Interest Costs During Construction


The financial accounting term interest costs during construction refers to the financing charges incurred during the creation or acquisition of assets such as property, plant, and equipment.  Companies can capitalize interest costs if they are material, otherwise they should be expensed.


Generally, accountants have three choices with respect to interest charges during construction:

  • No Capitalization:  the interest charges are considered the cost of financing, which is based on management's decision to use debt and not equity to finance the project.
  • Actual Transactions:  this approach uses the cost of the actual financing transactions associated with the specific construction project.  This approach is criticized since the actual cost of the asset will vary with the financing decision.
  • Imputed Costs:  the construction project is charged with the company's calculated cost of funds, regardless of the actual mix of funding used for the specific project.  This approach removes the variability of a financing decision, but ignores the true cost of the funds used.

In SFAS 34, the FASB stated the interest charges that could be capitalized are limited to those that would have been avoided if the asset were not constructed.  Capitalization of interest charges is allowed if the impact on the company's financial statements is material versus expensing these costs.

Avoidable interest should be calculated as the interest expense times the weighted average costs in each period.  Generally, the interest rate applied should be:

  • Specific Debt:  if the company borrows money for the sole reason to finance the capital project, the portion of the weighted average cost that is less than or equal to the amount of the money borrowed should use the interest rate of these loans.
  • Non-Specific Debt:  all other weighted average costs of the project should be assigned an avoidable interest cost that is the weighted average of all outstanding debt during that time period.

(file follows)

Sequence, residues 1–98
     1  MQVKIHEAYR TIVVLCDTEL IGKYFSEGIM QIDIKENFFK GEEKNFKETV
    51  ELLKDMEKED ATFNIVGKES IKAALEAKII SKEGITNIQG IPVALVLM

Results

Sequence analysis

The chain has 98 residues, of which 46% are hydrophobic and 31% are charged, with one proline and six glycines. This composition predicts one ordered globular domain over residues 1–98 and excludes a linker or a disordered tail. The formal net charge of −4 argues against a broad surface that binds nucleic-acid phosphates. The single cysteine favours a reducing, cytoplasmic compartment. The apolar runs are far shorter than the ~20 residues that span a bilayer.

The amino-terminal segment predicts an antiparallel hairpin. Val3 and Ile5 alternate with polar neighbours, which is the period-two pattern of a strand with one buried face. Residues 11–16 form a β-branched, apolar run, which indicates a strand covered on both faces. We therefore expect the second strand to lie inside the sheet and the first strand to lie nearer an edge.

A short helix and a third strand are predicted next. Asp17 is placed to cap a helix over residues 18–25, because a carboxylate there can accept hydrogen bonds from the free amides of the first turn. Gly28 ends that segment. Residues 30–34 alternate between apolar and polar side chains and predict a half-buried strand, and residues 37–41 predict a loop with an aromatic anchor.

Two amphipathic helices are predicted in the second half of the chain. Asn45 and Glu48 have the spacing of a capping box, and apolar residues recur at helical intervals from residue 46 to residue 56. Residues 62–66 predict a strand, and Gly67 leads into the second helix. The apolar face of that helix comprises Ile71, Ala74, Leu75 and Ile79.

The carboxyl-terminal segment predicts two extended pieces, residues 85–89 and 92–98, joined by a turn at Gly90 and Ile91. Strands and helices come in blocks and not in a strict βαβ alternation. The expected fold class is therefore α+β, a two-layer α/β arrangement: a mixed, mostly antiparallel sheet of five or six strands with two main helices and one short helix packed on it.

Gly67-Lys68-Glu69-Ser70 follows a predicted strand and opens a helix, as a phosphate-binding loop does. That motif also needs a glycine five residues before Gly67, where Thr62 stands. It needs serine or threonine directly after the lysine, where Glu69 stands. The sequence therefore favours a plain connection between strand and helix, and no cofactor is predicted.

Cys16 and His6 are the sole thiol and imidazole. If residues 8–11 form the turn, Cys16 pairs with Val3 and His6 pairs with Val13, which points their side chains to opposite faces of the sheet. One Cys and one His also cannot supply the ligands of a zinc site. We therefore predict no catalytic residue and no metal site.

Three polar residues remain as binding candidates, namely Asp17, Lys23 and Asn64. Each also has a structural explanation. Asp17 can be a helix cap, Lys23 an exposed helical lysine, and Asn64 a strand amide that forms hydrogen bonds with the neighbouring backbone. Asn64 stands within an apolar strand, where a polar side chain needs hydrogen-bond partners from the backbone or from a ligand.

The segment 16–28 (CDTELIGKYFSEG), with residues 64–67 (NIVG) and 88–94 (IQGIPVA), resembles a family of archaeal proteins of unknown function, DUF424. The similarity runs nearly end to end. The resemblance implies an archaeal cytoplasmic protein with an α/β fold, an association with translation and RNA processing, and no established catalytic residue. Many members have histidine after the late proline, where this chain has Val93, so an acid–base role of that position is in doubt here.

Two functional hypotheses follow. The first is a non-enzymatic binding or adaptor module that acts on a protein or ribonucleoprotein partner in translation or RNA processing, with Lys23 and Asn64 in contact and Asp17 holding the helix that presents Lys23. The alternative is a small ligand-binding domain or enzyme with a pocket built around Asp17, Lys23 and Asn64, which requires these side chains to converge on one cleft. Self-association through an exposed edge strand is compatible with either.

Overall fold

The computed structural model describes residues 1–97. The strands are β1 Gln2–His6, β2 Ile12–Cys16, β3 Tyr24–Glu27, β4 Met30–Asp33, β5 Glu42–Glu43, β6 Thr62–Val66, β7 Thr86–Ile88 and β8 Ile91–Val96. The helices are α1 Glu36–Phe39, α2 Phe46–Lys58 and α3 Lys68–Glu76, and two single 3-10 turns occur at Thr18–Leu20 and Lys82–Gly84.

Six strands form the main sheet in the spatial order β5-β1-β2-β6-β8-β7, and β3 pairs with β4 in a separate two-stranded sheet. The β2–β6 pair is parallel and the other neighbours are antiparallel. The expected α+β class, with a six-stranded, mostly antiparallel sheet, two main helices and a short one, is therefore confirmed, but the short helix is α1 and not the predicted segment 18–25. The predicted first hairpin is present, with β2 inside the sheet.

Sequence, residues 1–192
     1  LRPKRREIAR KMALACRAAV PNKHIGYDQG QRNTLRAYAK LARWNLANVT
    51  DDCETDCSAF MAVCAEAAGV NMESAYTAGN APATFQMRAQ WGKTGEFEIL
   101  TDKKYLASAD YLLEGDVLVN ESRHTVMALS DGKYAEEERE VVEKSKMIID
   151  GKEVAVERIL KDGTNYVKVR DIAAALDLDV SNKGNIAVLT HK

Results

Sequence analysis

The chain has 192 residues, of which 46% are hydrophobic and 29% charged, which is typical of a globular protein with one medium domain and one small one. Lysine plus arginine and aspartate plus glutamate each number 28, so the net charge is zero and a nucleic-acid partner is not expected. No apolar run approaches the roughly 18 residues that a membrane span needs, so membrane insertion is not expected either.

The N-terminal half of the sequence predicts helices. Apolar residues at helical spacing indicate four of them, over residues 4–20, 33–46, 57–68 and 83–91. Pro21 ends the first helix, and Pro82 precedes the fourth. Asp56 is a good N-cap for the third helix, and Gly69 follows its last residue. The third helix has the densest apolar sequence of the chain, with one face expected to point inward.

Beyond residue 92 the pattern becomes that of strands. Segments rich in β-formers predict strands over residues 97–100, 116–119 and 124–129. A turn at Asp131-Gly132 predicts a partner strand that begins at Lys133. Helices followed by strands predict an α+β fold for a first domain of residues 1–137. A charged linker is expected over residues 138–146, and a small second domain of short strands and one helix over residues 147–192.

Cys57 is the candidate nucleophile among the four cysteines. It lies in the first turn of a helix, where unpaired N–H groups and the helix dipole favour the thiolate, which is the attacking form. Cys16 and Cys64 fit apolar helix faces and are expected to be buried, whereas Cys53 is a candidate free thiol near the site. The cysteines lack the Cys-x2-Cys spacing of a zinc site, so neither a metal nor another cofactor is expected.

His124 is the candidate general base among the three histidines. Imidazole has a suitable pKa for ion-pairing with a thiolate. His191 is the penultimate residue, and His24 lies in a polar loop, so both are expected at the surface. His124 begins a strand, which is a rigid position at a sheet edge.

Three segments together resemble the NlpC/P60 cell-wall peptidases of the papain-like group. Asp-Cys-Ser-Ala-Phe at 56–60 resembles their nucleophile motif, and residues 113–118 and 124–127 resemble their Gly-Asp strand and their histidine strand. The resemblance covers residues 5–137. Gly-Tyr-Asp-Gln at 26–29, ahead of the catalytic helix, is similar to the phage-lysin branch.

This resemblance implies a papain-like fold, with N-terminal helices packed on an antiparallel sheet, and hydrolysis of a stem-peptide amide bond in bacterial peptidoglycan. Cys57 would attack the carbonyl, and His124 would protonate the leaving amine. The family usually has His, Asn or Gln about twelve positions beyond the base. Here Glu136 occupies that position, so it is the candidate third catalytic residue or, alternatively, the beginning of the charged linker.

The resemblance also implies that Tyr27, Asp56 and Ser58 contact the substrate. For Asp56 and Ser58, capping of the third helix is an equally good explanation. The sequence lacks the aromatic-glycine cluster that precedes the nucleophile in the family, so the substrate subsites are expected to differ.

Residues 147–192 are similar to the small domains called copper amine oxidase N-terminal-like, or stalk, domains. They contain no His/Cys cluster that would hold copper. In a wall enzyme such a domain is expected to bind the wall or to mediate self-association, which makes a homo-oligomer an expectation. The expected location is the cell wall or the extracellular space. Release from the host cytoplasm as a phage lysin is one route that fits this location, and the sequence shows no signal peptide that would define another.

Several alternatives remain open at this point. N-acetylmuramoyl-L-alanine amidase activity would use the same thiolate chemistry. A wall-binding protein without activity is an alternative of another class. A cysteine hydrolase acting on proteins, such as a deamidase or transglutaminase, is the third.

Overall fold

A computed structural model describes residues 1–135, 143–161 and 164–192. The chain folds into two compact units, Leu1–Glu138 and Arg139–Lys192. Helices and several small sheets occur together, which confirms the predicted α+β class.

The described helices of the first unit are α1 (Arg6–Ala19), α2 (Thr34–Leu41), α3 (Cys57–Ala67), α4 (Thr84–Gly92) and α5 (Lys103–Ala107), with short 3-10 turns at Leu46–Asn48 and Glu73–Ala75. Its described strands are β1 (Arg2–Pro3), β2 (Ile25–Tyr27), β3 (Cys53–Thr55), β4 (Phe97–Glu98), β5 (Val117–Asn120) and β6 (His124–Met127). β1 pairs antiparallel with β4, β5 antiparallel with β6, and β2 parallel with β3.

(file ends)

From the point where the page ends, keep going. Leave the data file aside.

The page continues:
Four conditions need to be met before interest can be capitalized:

  • Expenditures must have started on the project.
  • The asset being constructed is for the company's use; it's not being constructed for resale.
  • Activities must occur to ready the asset for its intended use.  That is to say, there should be continuous construction of the project.  Interest costs during delays in construction should be excluded.
  • Actual financing costs must exist.

Capitalization of interest would stop once the asset is substantially complete, or placed into service.


Company A is constructing a new service center.  The total cost of construction is budgeted at $1.1 million and occurs over a six month timeframe.  The costs include the initial purchase of the building for $500,000, and construction costs of $100,000 per month. Company A financed the purchase of the building with debt at 7.0%, while the remaining costs of the project were financed using Company A's existing debt structure at 5.0%.

The interest costs during construction would be calculated as:

Expenditure Percentage of Year Rate Avoidable Interest
500,000 6 months or 50% 7.0% 17,500
300,000 6 months or 50% 5.0% 7,500
Total 25,000

Note:  Expenditure is a weighted average during the construction timeline ($300,000), not the total ($600,000).

Related Terms

balance sheet, plant, property equipment, cost of equipment, cost of buildings, cost of land, self-constructed assets, deferred payment contract, lump sum purchase